In 1944 the late Lord Amery, then a young captain, acted as a sort of political commissar with the Billy McLean/David Smiley mission, which tried to conjure resistance to the Germans from the Zogist movement in north Albania. For various reasons they failed. After the war they explained their failure by alleging that Albania had been betrayed and given over to Enver Hoxha and Communism by the folly and in some cases the treachery of fellow officers in SOE who had channelled support to the Partisans.
This became the generally accepted version of events because Julian Amery and his associates were for several decades the only members of the SOE teams from Albania who went into print. They contributed to the ill-starred effort to destabilise Enver Hoxha's Albania at the turn of the Forties and Fifties. The failure of that project has been blamed on Philby's treachery, although there are very good reasons for thinking that it would have failed without Philby's intervention. It was an early piece of ill-judged and excessive anti-Communism.
When the Communist regime began to collapse in 1991, Amery and Smiley visited Albania and became active supporters and encouragers of Sali Berisha and his Democratic Party. With the help of Lord Amery's prestigious position in British politics it was possible to mobilise some practical help for them from Conservative and eventually also from government sources. Berisha won the 1992 election and became President; and first William Bennett and later Guy Roberts were taken into his office as special advisers. The UK had no diplomatic ties with Albania until later in 1992, but President Berisha was already assured in this unofficial way of a close British connection. In so far as Sir Geoffrey Pattie has nourished that connection in the mid-Nineties, he has inherited the late Lord Amery's mantle.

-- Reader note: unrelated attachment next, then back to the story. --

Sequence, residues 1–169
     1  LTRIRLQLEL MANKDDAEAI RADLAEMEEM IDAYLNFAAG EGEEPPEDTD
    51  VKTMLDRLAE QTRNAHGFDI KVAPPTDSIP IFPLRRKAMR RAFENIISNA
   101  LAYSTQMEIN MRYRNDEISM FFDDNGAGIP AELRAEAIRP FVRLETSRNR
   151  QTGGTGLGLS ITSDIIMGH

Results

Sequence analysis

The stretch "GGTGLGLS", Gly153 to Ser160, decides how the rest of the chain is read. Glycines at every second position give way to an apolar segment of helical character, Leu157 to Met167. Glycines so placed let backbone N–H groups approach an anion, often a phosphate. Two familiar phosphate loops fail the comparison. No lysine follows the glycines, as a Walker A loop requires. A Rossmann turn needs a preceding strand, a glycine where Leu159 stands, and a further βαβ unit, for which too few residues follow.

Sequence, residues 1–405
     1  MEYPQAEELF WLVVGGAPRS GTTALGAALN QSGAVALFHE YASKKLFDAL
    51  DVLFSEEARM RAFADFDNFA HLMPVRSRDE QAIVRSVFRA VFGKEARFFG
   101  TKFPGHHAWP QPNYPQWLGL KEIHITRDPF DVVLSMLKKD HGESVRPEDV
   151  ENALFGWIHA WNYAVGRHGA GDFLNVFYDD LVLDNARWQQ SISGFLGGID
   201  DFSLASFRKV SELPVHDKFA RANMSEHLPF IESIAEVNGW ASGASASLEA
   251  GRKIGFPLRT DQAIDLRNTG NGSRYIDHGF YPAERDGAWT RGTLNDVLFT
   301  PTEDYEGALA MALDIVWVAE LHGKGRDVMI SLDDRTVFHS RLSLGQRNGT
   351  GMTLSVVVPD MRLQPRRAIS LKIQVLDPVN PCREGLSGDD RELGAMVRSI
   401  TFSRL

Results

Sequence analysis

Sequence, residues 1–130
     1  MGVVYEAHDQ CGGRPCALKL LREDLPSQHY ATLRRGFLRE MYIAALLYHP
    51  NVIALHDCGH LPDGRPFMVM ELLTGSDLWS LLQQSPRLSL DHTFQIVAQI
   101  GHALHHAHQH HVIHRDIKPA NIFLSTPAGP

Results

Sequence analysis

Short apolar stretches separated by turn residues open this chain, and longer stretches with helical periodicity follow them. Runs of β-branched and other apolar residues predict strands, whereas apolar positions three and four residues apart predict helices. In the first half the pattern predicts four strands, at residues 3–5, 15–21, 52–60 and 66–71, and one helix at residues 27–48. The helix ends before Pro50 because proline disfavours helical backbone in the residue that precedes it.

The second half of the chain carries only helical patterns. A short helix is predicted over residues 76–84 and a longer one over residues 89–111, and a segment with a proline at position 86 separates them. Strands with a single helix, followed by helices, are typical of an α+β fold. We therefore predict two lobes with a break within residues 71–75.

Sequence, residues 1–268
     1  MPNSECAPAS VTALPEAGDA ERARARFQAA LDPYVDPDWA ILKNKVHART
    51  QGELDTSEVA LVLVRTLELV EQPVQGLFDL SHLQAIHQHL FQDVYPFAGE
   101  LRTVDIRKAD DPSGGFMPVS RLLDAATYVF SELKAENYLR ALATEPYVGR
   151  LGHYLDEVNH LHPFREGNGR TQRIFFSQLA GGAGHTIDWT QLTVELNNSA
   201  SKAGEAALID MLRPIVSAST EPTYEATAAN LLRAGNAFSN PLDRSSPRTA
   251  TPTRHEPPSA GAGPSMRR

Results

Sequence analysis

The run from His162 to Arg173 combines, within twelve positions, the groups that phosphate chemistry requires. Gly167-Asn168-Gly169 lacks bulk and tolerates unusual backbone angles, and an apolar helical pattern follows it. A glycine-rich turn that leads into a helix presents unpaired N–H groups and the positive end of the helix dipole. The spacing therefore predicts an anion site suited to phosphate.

The 1944 outcome was reversed in 1992. It would have been best for Albania if hard, revanchist anti-Communism had been softened from then onwards. Unfortunately it has continued to have an important place in the political ideology of President Berisha's government, and this has undoubtedly been encouraged by right-wing advice from abroad, not only advice from foreign friends but also advice from Albanian emigre communities in western countries. The main opposition party, the Socialists, have been slow in distancing themselves from their Hoxha-ist past, and this has made it easier for anti-Communism to appear still to be relevant, although it ceased to be an adequate or even a valid ideology once the Communist system had fallen apart.
The result is that Albania today is a deeply divided country, on the way to becoming once again a single-party state, without a new post-Communist constitution or an independent judiciary.
In its rush to the free market Albania has picked up some of capitalism's worst habits. The collapse of the pyramid investment schemes has precipitated a grave crisis. But even graver is the fact that, for lack of properly functioning democratic institutions, the issue is being fought out in street demonstrations and police repression. Such are the fruits of excessive Communism and excessive anti-Communism. Albania is still in the shadow of the bitter events of 1944, and influences from the UK have helped to keep it there.
Sir REGINALD HIBBERT
The writer, a former British Ambassador to France, served with the SOE in Albania in the Second World WarReuse content